The study of consumer behaviour focuses on how individuals make decisions to spend their available resources (time, money, effort) on consumption-related items. The field of consumer behavior covers a lot of ground. According to Solomon (1996), consumer behavior is a study of the processes involved when individuals or groups select, purchase, use, or dispose of products, services, ideas, or experiences to satisfy needs and desires. The marketer needs to understand 3 related aspects of consumer behaviour analysis : consumer motivations, consumer typologies, and the consumer purchasing process.
Most tourism and hospitality organizations have an imperfect picture of their customer, and few monitor patterns of consumer behaviour at a level of detail necessary to remain competitive. Many organizations consider that they are sufficiently close to their visitors and therefore do not commit resources to more formal consumer studies. Others are constrained by limited marketing budgets and by the fact that researching consumer motivation and the buying process can be a time-consuming and difficult procedure.
Figure 1 shows the 7 key factors that influence a consumer’s behaviour. Motivation is often seen as a major determinant of consumer behaviour, but cultural, personal, and social influences will also have an important effect on consumer purchases. Motivations are inner drives that cause people to take action to satisfy their needs. Understanding consumer motivation is one of the most effective ways of gaining competitive differential advantage. Understanding the key triggers that lead to the purchase of a tourism or hospitality product, such as a visit to an attraction or a hotel booking, is recognized as one of the main factors in the success of competitive organizations. Culture can be defined as the norms, beliefs and rituals that are unique to each person. These different factors influence how we live, communicate, and think about certain things; culture can also dictate how a person will act in a certain situation.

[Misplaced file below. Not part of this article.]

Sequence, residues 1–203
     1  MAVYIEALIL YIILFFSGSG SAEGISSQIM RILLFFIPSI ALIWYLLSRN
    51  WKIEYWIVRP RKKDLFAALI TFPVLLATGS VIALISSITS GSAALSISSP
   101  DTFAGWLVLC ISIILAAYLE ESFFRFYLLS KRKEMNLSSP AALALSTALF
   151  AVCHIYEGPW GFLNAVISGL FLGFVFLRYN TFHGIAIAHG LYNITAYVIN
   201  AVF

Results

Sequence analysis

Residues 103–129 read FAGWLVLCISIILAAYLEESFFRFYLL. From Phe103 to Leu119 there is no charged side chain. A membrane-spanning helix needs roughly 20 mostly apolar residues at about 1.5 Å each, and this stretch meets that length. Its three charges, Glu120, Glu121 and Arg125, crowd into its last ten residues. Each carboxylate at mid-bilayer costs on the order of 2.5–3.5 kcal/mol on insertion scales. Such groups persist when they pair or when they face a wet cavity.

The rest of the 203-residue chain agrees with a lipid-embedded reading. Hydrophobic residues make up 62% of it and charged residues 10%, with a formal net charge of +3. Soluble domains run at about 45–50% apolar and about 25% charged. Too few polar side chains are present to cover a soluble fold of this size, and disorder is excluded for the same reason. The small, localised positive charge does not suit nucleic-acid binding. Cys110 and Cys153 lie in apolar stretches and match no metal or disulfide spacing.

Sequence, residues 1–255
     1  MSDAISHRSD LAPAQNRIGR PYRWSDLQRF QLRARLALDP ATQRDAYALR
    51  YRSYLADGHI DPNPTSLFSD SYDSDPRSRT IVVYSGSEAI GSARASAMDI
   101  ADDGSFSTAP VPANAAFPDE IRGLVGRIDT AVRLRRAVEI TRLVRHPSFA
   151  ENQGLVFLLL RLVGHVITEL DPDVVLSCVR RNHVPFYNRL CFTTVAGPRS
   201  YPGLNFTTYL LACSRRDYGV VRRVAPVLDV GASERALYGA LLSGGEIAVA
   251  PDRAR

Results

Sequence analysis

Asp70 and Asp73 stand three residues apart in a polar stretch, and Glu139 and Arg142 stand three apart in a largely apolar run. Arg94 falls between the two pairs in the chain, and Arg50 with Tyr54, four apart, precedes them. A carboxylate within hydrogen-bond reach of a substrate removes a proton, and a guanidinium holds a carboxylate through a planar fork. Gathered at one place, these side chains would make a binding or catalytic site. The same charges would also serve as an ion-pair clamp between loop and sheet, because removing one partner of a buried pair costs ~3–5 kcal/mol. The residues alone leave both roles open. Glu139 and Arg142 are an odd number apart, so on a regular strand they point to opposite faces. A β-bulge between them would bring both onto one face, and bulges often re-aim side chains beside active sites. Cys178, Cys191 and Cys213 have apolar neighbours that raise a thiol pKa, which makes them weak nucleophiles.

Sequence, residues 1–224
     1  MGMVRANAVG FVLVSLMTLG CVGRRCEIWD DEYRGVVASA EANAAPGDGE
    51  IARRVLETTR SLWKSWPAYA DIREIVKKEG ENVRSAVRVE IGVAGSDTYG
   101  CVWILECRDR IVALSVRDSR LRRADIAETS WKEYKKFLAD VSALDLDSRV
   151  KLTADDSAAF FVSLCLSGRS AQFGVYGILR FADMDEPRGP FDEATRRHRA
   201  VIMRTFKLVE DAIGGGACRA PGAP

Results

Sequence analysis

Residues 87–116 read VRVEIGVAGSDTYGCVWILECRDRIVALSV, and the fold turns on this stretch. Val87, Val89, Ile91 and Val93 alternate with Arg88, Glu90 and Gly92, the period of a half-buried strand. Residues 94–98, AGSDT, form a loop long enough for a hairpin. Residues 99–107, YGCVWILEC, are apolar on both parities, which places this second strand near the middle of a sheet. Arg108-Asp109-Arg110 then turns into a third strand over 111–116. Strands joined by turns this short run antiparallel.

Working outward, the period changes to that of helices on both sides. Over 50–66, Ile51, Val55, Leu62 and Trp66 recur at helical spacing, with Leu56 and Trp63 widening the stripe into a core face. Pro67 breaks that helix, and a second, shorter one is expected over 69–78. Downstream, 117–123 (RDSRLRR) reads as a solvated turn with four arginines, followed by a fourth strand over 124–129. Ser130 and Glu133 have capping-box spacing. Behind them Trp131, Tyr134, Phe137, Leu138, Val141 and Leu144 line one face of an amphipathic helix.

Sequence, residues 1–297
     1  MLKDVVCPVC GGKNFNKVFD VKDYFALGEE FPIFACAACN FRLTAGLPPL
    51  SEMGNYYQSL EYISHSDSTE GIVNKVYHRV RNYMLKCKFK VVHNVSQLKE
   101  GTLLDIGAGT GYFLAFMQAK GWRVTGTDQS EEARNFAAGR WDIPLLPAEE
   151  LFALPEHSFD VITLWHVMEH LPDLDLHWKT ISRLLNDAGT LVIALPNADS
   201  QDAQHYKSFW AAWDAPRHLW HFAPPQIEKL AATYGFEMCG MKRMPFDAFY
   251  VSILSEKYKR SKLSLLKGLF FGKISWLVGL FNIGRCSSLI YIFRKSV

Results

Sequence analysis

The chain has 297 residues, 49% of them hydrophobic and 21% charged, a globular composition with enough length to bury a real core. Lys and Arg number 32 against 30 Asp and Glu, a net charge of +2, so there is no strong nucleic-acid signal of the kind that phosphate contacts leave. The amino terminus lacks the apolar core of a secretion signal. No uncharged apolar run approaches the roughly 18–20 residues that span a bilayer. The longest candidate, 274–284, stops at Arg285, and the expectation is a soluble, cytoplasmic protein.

Cultural practices include how we divide the day and our attitudes toward opening hours for shops or restaurants. Institutions, such as the church, the media, and educational systems will affect cultural. Finally, most societies comprise a number of subcultures that exhibit variations of behaviour as a result of ethnic or regional differentiation. Age and Gender. A traditional way of segmenting markets has been by age. For example, many travel suppliers are today targeting the growing senior market. After people retire, they may stay loyal to brand names they know best, but the price points will have to be suitable to a retirement income. Gender segmentation has long been used in marketing clothing, hairdressing, cosmetics, and magazines. But more recently it has been applied to tourism and hospitality products and services.
Travel industry experts say that women travellers are more demanding and discerning than their male counterparts. Their main concerns are safety and security, followed by comfort and convenience. Social Class is still considered to be one of the most important external factors influencing consumer behavior and it is determined by such factors as income, wealth, education, occupation, family prestige, value of home and neighbourhood. Social class is closely linked to the existence of social institutions. Marketers assume that people in one class buy different goods and services and for different reasons than people in other classes. As a rule, the higher the level of disposable income people have, the more likely they are to travel, and premium income earners tend to be those people who have studied at a higher educational level. Lifestyle. Marketers are increasingly segmenting their markets by consumer lifestyles. Life style analysis examines the way people allocate time, energy and money.